Esoteric Dissertations from a One-Track Mind

July 13, 2007

How Propaganda Works in America: Part 2

Filed under: culture, media — codesmithy @ 9:35 am

As I stated last time, there are three key factors that come into play in when the media becomes a tool for propaganda: the access relationship between certain reporters and high-ranking government officials, the selective leaking of information by these officials, and the emergence of “scoop” journalism.

The first thing to understand is that the media is not a monolithic entity.  It is a system made up of individuals.  For the most part, people try to do well, while doing good.  But the system compels people to act a certain way.  One of the goals of the system is to persist and grow.

The established media’s presence has been threatened with the advent of the Internet.  That isn’t to say that it is a bad thing.  However, the Internet represents a transition.   I think it is a fair conclusion that the Internet has been eaten into newspaper sales, as more people get their news online.  However, establishing new revenue streams to replace existing ones in the new medium is tenuous to start, and nobody knows exactly how it is going to work.

During this transition period, there tends to be a contraction, as old medium feels the pinch and before the new medium establishes itself.  This leads to the need to reduce costs.  However, I agree with Dan Rather, that there has been a cultural shift also, and some of egalitarian principles that surrounded news bureaus has been lost.  The corporate heads are looking for ways to make a profit off of the news.  Invariably, one of the ways tried is cost cutting.

Cost cutting usually leads to “scoop” journalism, that is obsession with celebrity, scandal, and fear.   There was a lot of fear generated from 9/11, much of it irrational.  The media was willing to play off of it, and the government was willing to feed it in order to gain support for its policies.

High-ranking officials at any large organization have a significant reality distortion field. They have agendas.  They fundamentally make policy, which also means they aren’t necessarily the most informed on the subject.  The information part is for good reason, as it turns out too much information actually hinders the ability to act on it, as people discover how much they don’t know.  The more information that is gathered, the more it becomes obvious that there are still unknowns, causing the need for more information.  Good executives are ones that make informed decisions, but don’t get weighted down in endless information gathering.  But, as a reporter, the most valuable source probably isn’t the high-ranking official with an agenda, but rather the lower-level information gatherer.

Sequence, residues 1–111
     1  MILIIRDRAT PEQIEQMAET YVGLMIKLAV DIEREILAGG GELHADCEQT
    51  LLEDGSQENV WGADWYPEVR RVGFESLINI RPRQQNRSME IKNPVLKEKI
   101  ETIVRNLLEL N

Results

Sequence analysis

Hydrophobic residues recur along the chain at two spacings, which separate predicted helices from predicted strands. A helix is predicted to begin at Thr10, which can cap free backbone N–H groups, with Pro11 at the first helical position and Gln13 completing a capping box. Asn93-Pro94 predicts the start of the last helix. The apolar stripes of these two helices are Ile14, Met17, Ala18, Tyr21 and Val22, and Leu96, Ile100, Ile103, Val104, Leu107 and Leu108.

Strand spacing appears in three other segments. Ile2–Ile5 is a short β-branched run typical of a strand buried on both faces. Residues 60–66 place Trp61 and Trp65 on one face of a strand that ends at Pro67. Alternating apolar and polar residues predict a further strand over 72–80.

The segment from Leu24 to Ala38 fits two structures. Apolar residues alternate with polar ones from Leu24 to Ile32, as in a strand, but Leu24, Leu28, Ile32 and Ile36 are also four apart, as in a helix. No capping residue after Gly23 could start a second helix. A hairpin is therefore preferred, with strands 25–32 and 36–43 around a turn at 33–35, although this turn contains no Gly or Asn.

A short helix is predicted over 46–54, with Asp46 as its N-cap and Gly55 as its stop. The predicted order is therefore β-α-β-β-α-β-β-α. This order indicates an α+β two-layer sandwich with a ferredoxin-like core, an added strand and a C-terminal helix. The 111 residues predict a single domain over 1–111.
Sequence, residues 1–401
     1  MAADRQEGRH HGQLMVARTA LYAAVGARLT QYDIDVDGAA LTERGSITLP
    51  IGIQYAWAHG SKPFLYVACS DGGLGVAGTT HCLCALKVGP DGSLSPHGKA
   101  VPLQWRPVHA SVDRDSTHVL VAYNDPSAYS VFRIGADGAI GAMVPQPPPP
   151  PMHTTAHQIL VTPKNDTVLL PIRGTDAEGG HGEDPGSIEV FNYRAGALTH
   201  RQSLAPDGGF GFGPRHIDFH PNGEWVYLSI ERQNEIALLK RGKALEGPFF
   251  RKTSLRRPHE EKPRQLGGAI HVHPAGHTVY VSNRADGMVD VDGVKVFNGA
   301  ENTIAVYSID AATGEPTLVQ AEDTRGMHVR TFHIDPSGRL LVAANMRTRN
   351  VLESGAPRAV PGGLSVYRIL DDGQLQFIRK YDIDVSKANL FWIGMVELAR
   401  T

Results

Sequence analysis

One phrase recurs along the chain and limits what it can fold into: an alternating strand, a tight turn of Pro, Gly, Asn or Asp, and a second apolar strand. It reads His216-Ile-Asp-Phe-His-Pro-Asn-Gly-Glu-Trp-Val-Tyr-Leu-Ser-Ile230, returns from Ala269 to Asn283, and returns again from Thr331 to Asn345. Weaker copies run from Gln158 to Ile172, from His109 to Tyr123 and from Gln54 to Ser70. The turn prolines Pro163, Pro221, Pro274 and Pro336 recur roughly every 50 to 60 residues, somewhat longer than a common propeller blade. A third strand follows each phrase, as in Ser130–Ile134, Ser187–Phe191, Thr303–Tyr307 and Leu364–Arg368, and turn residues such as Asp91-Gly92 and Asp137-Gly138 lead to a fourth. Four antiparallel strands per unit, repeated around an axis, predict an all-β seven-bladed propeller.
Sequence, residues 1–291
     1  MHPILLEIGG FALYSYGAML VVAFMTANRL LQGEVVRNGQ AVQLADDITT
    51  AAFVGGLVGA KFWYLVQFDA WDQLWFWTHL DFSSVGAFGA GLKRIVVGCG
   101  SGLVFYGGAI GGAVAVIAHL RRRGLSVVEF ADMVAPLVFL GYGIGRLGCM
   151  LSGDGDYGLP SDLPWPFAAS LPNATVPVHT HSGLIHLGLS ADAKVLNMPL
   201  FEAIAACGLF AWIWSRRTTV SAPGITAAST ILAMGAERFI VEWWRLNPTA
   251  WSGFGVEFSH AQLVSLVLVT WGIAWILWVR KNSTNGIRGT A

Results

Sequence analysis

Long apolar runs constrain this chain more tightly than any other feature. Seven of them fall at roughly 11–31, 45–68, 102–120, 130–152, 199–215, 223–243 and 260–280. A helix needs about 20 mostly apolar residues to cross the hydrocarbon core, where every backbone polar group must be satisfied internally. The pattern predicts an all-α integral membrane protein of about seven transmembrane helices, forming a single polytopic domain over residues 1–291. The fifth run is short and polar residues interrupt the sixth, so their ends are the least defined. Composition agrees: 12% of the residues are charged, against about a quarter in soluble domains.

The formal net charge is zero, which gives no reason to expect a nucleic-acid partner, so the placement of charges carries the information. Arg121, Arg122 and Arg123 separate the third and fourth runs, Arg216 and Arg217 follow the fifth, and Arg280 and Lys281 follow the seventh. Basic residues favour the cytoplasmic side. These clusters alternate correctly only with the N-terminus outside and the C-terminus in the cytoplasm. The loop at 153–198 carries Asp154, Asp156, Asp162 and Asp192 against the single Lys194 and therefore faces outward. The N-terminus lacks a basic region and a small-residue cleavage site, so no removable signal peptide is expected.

However, the high-ranking official also tends to be somewhat of a celebrity.  Mid-level officials don’t give sourced interviews because A) no one would know who they were B) they would probably lose their job if the boss found out about it, or said something out of line.   Nevertheless, these leaks inside the organization are the most valuable to actually finding out what the actual information was, and how the decision came about.  Unfortunately, the journalist can rarely use the information directly because it behooves the journalist to verify all the information from the source since it has no authority otherwise.  It merely puts them on the right track.  On the other hand, a high-ranking official can be directly quoted.  No further examination is really needed, since the official, by default, has authority.  The mid-level sources are more expensive, we’d expect newspapers to abandon more informed, analysis stories in favor of “<insert high-ranking official> says “X”.”  The second form is certainly news, but it usually lacks proper context.  So, it is worse news than the analysis stories.

The final aspect is the power relationship.  The government official needs a mouth-piece.  However, they can choose the mouth-piece for their message.  The same isn’t true for reporter who needs to get a comment from a high-ranking official for whatever reason.  The secrecy aspect also helps, since it makes it harder for the reporter to get information through alternative methods.  This combined with the strong sense of patriotism that swept the nation after it had been attacked: the attitude of the country in a time of crisis to put partisanship aside and do what needs to be done, also aided the manipulation culturally.  The fact that this particular noble character of the nation was manipulated for private ends will be one of the enduring legacies of this administration if the history of their fiasco is written honestly.

In sum, propaganda works in America when high-ranking officials are given unchallenged venues to present their views.  They can do this by manipulating aspects of the culture and by selectively distributing what they talk about and who they talk to.  Although, particular pressures that seem omnipresent with progress or circumstance, present new context, challenges and opportunities to fail or to rise above them.    Social progress isn’t something that just happens by default, and occasionally we move backwards, but the first steps are to recognize the failures and try to fix them.

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